Clarksville, TN Online: News, Opinion, Arts & Entertainment.


Toys “R” Us beautiful baby contest and other pictures

 

The Clarksville, TN Toys “R” UsLast Saturday, Toys “R” Us together with Clarksville Online and other local sponsors held a beautiful baby contest. We had requested information needed to write an article from our liaison at Toys “R” Us and did not receive it. We needed for them to provide a list of entrants, the list of official winners, and a copies of the photographs that the Toys “R” Us photographers took of each baby. We had hoped to have our story written and published the next day, instead we spent the last week waiting for a response from them and did not receive it. So we are going to go ahead and publish the pictures that we took at the Clarksville Toys “R” Us on that day.

If we published a picture that you are personally in, feel free to contact us, identify the picture, and we will be happy to send you the full resolution copy so that you may get prints of the image. Family and friends should contact the people in the pictures. We apologize for the lack of other information, and for the delay however it was totally beyond our control.

The contest

Sign in Switching Sign-in Clerks «Read the rest of this article»

 

House Democrat Review for 03/06/2008

 

The House Democrat Review is a weekly feature that gives Tennesseans an in-depth look at what our Democratic state legislators have been working on this week, and a glimpse into what’s planned for the coming week at our state house.

bg.jpgThis week, the House moves spring sales tax holiday to April, tax breaks for disabled homeowners approved, scrap metal theft legislation moves to budget subcommittee, green laws continuing movement through committees, border dispute resolution expected on House floor soon, and animal abuse registry in full judiciary committee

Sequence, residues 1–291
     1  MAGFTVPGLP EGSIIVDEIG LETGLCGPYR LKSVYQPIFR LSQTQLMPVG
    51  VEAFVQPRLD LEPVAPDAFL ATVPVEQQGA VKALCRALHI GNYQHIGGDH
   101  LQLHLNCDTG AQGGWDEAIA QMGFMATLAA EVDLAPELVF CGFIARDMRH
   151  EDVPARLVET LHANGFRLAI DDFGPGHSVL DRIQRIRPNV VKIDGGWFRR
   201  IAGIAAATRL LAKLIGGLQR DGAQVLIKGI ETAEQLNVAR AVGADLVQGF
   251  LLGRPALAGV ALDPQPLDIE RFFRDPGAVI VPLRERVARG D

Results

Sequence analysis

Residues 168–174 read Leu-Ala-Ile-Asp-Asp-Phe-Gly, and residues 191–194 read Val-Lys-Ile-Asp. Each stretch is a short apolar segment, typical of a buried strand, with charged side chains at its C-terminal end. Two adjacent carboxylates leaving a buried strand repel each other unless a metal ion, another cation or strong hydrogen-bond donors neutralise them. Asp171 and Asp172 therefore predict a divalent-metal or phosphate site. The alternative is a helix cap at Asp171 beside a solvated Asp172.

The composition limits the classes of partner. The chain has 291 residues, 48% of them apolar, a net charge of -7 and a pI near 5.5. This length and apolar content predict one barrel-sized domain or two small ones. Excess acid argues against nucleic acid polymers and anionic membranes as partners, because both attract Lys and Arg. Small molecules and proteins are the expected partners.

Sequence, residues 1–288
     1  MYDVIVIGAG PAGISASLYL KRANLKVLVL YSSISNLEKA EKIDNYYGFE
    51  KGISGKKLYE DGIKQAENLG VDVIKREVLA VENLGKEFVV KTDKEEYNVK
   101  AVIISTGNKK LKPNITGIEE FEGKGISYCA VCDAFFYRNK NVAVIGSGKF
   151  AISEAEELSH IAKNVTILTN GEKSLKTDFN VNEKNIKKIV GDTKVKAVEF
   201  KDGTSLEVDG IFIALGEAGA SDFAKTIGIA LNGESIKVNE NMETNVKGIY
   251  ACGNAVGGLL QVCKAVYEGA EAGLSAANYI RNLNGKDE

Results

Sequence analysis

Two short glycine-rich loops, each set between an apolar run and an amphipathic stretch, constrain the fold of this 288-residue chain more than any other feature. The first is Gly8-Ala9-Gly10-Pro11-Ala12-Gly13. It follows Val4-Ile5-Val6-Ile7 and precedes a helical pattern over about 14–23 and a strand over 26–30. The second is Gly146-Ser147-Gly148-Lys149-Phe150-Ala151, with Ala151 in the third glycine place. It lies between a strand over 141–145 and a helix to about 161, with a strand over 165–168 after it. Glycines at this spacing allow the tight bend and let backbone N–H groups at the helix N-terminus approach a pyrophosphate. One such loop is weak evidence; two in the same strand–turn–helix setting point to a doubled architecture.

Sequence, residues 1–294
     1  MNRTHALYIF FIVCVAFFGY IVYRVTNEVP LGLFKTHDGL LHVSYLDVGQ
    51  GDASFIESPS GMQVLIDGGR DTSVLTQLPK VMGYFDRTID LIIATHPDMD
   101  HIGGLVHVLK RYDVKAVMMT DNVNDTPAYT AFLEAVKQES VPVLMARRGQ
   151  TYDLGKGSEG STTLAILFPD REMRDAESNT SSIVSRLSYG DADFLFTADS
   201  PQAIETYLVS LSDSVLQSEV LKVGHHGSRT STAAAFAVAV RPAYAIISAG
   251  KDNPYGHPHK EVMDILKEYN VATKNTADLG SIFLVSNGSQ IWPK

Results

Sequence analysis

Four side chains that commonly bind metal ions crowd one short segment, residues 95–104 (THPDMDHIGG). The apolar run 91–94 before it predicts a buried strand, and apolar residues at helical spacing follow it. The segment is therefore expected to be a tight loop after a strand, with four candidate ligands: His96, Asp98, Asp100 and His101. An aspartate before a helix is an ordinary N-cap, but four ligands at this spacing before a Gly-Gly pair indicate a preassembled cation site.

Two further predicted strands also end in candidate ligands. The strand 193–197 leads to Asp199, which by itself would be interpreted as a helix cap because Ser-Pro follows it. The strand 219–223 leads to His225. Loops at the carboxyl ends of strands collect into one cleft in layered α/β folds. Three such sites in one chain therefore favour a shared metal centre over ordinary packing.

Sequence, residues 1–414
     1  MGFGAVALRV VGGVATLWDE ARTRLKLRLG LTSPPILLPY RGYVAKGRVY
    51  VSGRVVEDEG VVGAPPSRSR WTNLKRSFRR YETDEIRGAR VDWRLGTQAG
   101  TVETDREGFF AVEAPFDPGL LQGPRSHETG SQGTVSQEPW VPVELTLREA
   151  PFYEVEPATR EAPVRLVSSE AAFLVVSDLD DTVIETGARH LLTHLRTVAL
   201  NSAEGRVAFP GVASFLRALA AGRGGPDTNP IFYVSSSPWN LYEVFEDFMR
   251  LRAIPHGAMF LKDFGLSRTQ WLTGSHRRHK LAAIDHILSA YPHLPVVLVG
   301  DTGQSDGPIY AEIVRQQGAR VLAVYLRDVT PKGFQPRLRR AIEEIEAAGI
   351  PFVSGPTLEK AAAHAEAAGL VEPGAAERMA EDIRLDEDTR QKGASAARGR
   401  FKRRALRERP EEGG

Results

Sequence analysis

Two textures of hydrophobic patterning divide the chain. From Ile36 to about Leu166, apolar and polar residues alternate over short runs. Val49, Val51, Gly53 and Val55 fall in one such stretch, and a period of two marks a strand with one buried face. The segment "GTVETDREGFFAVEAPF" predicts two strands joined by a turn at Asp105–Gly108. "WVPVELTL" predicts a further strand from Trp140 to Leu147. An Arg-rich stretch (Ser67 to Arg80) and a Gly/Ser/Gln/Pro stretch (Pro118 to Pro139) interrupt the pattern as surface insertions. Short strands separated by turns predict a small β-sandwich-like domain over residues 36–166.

NASHVILLE (Mar. 6) – This week the Tennessee House of Representatives passed legislation changing the spring sales tax holiday from the weekend of March 21 to the weekend of April 25.

“There were a lot of people who felt that having the sales tax holiday on the same weekend as Easter would limit people’s ability to take advantage of the savings as well as take away from the importance of the holiday,” said House Democratic Caucus Chairman Randy Rinks (D-Savannah). “We were glad that with last year’s budget surplus we’re able to give back to those who deserve it the most – the taxpayer.” «Read the rest of this article»

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House GOP Review for 03/06/2008

 

The House GOP Review is a weekly feature that gives Tennesseans an in-depth look at what our Republican state legislators have been working on this week, and a glimpse into what’s planned for the coming week at our state house. 

The Tennessee Republican Party LogoA commonsense DUI measure appeared again this week before a House subcommittee after questions and concerns were raised two weeks ago. The “Pass the Bottle” legislation, which would ban open containers in vehicles, was one of several DUI bills rolled out by Republicans as a comprehensive effort to combat drunk driving. Currently, no driver may consume an alcoholic beverage or possess an open container of such while operating a motor vehicle, but passengers may consume alcohol. The bill sponsor, in his opening remarks, said this policy invites drivers to drink as long as there is a passenger to which they can “pass the bottle.”

«Read the rest of this article»

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An evening with Dr. Bernice Johnson Reagon